The nose is both subtle and complex. How does a beverage distilled from grain acquire these fruit aromas? The peatiness is there, but it's almost delicate. On the palate there is layer upon layer of fruit flavors, but the finish is unmistakably Scotch. The transition is seamless. The experience is almost ethereal. The finest Cognac wearing tartan.
McEwan calls the Bowmore 40-Year Old a chance happening. Originally laid down in a Sherry cask in November of 1955, it was transferred to a Bourbon cask when the Sherry butt sprang a leak twenty years later. (Normal procedure would have been to continue in Sherry cooperage, but none was available at the moment the leak was discovered. Better to have whiskey in any barrel than on the floor.)
Something of a hybrid thereafter, this whisky didn't readily fit into normal categories for inventory purposes and was overlooked for much of the next couple of decades. However it evolved, this is an extraordinary spirit. The cask yielded only 294 bottles of the 84-proof treasure, 60 of which were destined for sale in the U.S.
After we've concluded a magnificent lunch prepared by chef Mitch Rosenthal, Jim McEwan teaches a Highland toast. This is properly done, he assures us, by standing on a chair and placing your right foot on the table. After putting our napkins over Postrio's upholstered chairs we ascend.
“Sues e Suas e Suas e” we begin as we raise our glasses of $7,000 Scotch above our heads.
We're speaking in tongues while walking on the furniture in one of the country's finer restaurants.
Nobody falls. Nothing breaks. We're not asked to leave.
It's a magical moment, one I'll look to repeat. If I'm a little short the next time, The Bowmore 40 Year Old may not be on the menu, but I'll carry on the best I can.
Editor's Note:This most unusual tasting was held about ten years ago. The author has seen Jim McEwan just twice since then. On his return visit to San Francisco a year later he provided me the opportunity to take a test given to prospective Scotch whisky professionals and the occasional journalist. Tasting was not involved, but identifying 15 or 20 different aromas was required. These included camphor and butterscotch and so many others seldom included in a wine writer's vocabulary. I struggled, but Jim said I passed. A couple of years later I ran into him in Bordeaux at Vinexpo, the bi-annual wine show. He'd just left Bowmore and was representing Bruichladdich, a recently resurrected Islay distillery, in the spirits section of the event. As of the fall of 2013 he is still Bruichladdich's Master Distiller.
Madera’s Ficklin Vineyards celebrated their 65th anniversary in the Port business last September. The focus now, as it was from the start, is to make authentic Ports from four traditional Portuguese grape varieties planted in the family vineyard in 1945. One of the most popular wines Ficklin still produces is the Old Vine Tinta Port, which was first released in October, 1951. It is an aged ruby style that originated with David Ficklin, the original winemaker. The solera system for that wine was started with the first Ports made at Ficklin in 1948.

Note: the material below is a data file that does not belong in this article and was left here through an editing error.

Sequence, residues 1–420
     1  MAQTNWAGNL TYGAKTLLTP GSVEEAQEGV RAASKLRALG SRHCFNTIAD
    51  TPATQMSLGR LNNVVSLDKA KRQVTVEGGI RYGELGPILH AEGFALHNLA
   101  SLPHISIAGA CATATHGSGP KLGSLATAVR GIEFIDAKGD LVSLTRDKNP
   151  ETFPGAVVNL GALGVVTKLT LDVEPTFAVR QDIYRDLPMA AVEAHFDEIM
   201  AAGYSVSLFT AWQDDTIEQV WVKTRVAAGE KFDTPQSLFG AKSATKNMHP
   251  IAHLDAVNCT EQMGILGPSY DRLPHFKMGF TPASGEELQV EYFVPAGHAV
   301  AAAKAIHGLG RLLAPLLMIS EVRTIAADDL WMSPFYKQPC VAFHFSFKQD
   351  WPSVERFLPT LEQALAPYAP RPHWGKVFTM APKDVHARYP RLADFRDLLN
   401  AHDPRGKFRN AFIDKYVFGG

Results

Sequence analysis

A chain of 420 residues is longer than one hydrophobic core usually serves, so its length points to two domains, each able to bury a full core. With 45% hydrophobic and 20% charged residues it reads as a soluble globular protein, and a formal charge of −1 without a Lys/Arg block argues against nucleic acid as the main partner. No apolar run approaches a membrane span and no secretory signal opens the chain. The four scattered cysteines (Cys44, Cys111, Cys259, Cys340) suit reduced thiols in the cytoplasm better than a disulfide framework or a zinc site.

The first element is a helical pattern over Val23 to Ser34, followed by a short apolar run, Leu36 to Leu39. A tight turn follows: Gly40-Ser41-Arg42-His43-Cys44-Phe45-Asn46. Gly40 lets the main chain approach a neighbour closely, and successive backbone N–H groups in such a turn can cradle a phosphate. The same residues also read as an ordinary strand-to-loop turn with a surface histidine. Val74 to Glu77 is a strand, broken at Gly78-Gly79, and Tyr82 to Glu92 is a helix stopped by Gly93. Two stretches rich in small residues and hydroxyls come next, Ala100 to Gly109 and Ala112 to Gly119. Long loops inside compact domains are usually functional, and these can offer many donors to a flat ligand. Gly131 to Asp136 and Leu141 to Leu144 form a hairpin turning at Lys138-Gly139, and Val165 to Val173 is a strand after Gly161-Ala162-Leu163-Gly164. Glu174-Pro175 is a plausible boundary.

Today, two-hundred and fifty-six American oak barrels and sixty-seven European puncheons provide a totalcapacity of over 23,000 gallons for that solera system. Housed in Ficklin’s historic adobe brick winery building, these barrels and puncheons have provided for the consistent flavor development of the Old Vine Tinta Port for over sixty years.
A solera system for wine is a fractional blending system, meaning that only a fraction of the wines progress through to the level of ageing at any time. As the wine is slowly moved through this solera system, a newer three year-old Port from each of the four Portuguese grape varieties is carefully blended to be added to the solera. Current winemaker, Peter Ficklin looks at each varietal component, and how that individual wine will provide the rich and full flavors that will develop into the complex layers found in the Old Vine Tinta Port. This younger wine is used to top-off the sixty-seven puncheons that are the first layer in the solera system. Smaller fifty gallon barrels make up the last level of this sixty year-old solera system. The resulting Port withdrawn from this last stage shows tremendous consistency and character as it is readied for bottling. Consequently, every barrel and puncheon, every bottle, as well as every glass and sip of the Old Vine Tinta Port has a diminishing percentage of the every single vintage since 1948. It is truly a living picture of the history of wines made at Ficklin.
Highly regarded and esteemed through the years, the Old Vine Tinta Port has been a consistent award winner for many decades. It is truly a wine for all ages, as it pairs well with many
desserts, such as fresh fruit, cheesecakes, dark chocolate, as well as the traditional blue-veined cheeses.
OLD VINE TINTA PORT
Best In Class 2009 National Women's Wine Competition
Critics Gold 2008 Critics Challenge International Wine Competition
Top Fortified Wine 2007 Beverage Testing Institute World Value Wine Challenge
Best Of Class 2002 Los Angeles County Fair Wine Competition
2011 Finger Lakes International Wine Competition
2009 National Women's Wine Competition
2009 Best in Appellation Competition
2009 Lodi International Wine Competition
2004 International Eastern Wine Competition
2002 International Eastern Wine Competition
2000 El Dorado County Fair Wine Competition
2011 California State Fair, Sacramento
2009 Long Beach Grand Cru Competition
2009 San Francisco Chronicle Wine Competition
2008 Critics Challenge International Wine Competition
2008 San Diego International Wine Competition
2008 Monterey Wine Competition
2008 Lodi International Wine Competition
2006 Pacific Rim International Wine Competition
2006 San Francisco Chronicle Wine Competition
2003 Riverside International Wine Competition
2002 Long Beach Grand Cru
2002 Los Angeles County Fair Wine Competition
2000 Riverside International Wine Competition
2000 Pacific Rim International Wine Competition
1999 Dallas Morning News National Wine Competition
1999 Taster's Guild International Wine Judging
1998 American Wine Society
1998 Taster's Guild International Wine Judging
1997 New World International Wine Competition
1996 California State Fair, Sacramento
1996 El Dorado County Fair Wine Competition
1996 Jerry Mead's "On Wine"
1996 Los Angeles County Fair Wine Competition
1991 Beverage Testing Institute
1989 Orange County Fair Wine Competition
Editor's note: Links to websites of wineries in Madera County and other parts of Central Valley, as well as hundreds of links to lodging and dining options, are found at Taste California Travel's Resource Directory.